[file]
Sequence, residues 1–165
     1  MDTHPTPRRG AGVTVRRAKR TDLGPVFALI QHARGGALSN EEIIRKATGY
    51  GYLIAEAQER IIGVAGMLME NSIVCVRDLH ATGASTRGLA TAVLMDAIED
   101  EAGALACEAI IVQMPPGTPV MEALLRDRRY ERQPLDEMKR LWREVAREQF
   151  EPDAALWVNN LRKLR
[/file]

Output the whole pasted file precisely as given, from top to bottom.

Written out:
Sequence, residues 1–165
     1  MDTHPTPRRG AGVTVRRAKR TDLGPVFALI QHARGGALSN EEIIRKATGY
    51  GYLIAEAQER IIGVAGMLME NSIVCVRDLH ATGASTRGLA TAVLMDAIED
   101  EAGALACEAI IVQMPPGTPV MEALLRDRRY ERQPLDEMKR LWREVAREQF
   151  EPDAALWVNN LRKLR